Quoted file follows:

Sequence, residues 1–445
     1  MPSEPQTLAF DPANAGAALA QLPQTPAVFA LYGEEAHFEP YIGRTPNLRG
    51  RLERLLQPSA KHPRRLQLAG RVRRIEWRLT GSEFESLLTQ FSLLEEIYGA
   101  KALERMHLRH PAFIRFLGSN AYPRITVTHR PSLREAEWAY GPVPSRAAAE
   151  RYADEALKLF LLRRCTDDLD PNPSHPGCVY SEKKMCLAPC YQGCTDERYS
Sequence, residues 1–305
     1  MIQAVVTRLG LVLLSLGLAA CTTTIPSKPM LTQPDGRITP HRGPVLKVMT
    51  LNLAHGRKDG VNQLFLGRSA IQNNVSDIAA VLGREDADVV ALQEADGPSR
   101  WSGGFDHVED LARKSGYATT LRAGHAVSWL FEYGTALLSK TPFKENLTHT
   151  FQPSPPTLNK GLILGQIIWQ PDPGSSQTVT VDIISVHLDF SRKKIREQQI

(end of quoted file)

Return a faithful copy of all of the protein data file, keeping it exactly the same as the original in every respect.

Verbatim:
Sequence, residues 1–445
     1  MPSEPQTLAF DPANAGAALA QLPQTPAVFA LYGEEAHFEP YIGRTPNLRG
    51  RLERLLQPSA KHPRRLQLAG RVRRIEWRLT GSEFESLLTQ FSLLEEIYGA
   101  KALERMHLRH PAFIRFLGSN AYPRITVTHR PSLREAEWAY GPVPSRAAAE
   151  RYADEALKLF LLRRCTDDLD PNPSHPGCVY SEKKMCLAPC YQGCTDERYS
Sequence, residues 1–305
     1  MIQAVVTRLG LVLLSLGLAA CTTTIPSKPM LTQPDGRITP HRGPVLKVMT
    51  LNLAHGRKDG VNQLFLGRSA IQNNVSDIAA VLGREDADVV ALQEADGPSR
   101  WSGGFDHVED LARKSGYATT LRAGHAVSWL FEYGTALLSK TPFKENLTHT
   151  FQPSPPTLNK GLILGQIIWQ PDPGSSQTVT VDIISVHLDF SRKKIREQQI